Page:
The upper covering sheet is water-permeable and allows liquid bodily waste to pass through its thickness to the absorbent core. The upper covering sheet preferably is formed of a soft material that will not irritate the skin of the wearer, for example a synthetic nonwoven such as spunbonded or carded polyethylene, polypropylene, polyester, or rayon. A portion or the whole of either or both of the upper covering sheet and the lower covering sheet may be water vapor-permeable, i.e., breathable.

The lower covering sheet may include a water-impermeable layer that is formed of a suitable material, for example a film of polyethylene or another polyolefin, a microporous breathable film, a hydrophobic nonwoven, or a film formed of coextruded layers of polypropylene-polyethylene-polypropylene. For example, a suitable coextruded film is available from Clopay Plastic Products Co. of Mason, Ohio, U.S.A. under the designation of M18-327. A multi-layer lower covering sheet, such as a laminate of a film and a nonwoven, may also be suitable and may be oriented with the nonwoven disposed exteriorly to provide the feel and appearance of a cloth-like outermost layer, with the nonwoven disposed interiorly to separate the film from the skin of the wearer, or with nonwovens disposed both exteriorly and interiorly.

The upper covering sheet and the lower covering sheet may extend to the same width and the same length. Alternatively, one or more of the edges of one of the covering sheets may lie distally relative to the respective edge or edges of the other covering sheet. For example, the upper covering sheet may extend longitudinally only to an extent sufficient to cover the absorbent core and to be attached to the lower covering sheet adjacent to either the front or the back edge of the absorbent core, while the lower covering sheet may extend longitudinally beyond the upper covering sheet toward or to the adjacent waist edges of the barrier cuff strips. Similarly, the upper covering sheet may extend laterally only to an extent sufficient to cover the absorbent core and to be attached to the lower covering sheet adjacent to either the left or the right side edge of the absorbent core and the lower covering sheet may extend laterally beyond the upper covering sheet. For example, in the exemplary absorbent assembly 200 shown in FIG. 4, the upper covering sheet 24 extends laterally only a relatively small distance beyond the side edges 257 of the absorbent core 250 and is attached to the lower covering sheet 25 in this area. The lower covering sheet 25 in this exemplary absorbent assembly extends laterally beyond the upper covering sheet 24 and is attached to the barrier cuff strips 400.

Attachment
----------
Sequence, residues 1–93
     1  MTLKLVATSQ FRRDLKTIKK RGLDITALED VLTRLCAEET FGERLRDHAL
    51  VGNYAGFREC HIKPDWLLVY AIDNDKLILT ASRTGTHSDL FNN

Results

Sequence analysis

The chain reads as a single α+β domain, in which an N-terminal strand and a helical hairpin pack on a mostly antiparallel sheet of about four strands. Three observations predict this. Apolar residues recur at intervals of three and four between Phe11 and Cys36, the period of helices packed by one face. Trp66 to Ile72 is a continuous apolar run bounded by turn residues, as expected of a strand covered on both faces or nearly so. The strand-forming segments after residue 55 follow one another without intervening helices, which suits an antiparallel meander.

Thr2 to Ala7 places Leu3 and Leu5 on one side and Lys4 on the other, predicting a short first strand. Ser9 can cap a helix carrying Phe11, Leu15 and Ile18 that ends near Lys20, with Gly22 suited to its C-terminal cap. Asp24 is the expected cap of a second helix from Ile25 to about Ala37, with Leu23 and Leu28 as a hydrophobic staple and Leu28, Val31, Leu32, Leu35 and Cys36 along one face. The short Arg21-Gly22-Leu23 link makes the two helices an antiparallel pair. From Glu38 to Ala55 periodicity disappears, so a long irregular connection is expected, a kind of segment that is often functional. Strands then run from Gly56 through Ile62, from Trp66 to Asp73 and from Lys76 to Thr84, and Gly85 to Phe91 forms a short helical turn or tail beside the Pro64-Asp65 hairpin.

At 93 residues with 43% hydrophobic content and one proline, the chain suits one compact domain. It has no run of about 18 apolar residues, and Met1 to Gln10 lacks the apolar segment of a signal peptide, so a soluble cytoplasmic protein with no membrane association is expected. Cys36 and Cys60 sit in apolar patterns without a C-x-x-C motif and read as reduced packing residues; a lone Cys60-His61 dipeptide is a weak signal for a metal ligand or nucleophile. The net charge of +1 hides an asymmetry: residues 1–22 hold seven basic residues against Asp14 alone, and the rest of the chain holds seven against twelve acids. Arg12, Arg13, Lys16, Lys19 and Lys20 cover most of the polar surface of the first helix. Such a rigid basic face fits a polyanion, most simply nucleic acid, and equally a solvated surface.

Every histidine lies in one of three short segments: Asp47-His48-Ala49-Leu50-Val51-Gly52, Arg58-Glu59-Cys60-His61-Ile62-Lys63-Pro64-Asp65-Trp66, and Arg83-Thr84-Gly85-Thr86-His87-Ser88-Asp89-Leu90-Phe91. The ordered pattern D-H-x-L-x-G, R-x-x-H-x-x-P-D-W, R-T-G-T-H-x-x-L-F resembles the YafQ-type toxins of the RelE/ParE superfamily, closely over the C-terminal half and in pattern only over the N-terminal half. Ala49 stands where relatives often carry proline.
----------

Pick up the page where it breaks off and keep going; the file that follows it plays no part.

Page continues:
The absorbent assembly and the barrier cuff strips may be attached together over any part or the whole of the length of the absorbent assembly. Preferably, the absorbent assembly is attached on its interior surface to the barrier cuff strips in laterally opposing longitudinally extending attachment zones such as the exemplary attachment zones 420 a and 420 b shown in FIG. 2, FIG. 3, FIG. 4, FIG. 5, and FIG. 14. The portions of the barrier cuff strips that lie outside such an attachment pattern are not restrained by attachment to the absorbent assembly and therefore remain extensible. For example, a relatively narrow longitudinally extending attachment zone such as left attachment zone 420 a leaves the majority of the width of the left barrier cuff strip 400 a freely extensible and thereby allows extension of the left barrier cuff strip 400 a in the lateral direction.

Within the extent of the attachment zones, the absorbent assembly may be attached to the barrier cuff strips continuously or intermittently. For example, a film of an adhesive may be applied continuously over the entire area of the attachment zones and then used to continuously attach the absorbent assembly to the barrier cuff strips. As an alternative example, an adhesive may be applied discontinuously at and inside the boundaries of the attachment zones, such as in the form of dots, stripes, beads, spirals, etc., and then used to attach the absorbent assembly and the barrier cuff strips together.